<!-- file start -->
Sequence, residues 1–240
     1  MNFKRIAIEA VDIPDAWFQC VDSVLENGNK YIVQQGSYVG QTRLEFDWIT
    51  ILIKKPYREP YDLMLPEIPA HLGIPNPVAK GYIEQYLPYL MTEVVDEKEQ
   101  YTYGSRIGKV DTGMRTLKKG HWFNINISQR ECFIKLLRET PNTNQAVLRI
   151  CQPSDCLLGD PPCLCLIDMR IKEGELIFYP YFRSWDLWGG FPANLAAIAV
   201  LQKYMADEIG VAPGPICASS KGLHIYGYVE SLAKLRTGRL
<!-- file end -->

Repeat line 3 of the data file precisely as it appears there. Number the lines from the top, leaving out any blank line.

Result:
    51  ILIKKPYREP YDLMLPEIPA HLGIPNPVAK GYIEQYLPYL MTEVVDEKEQ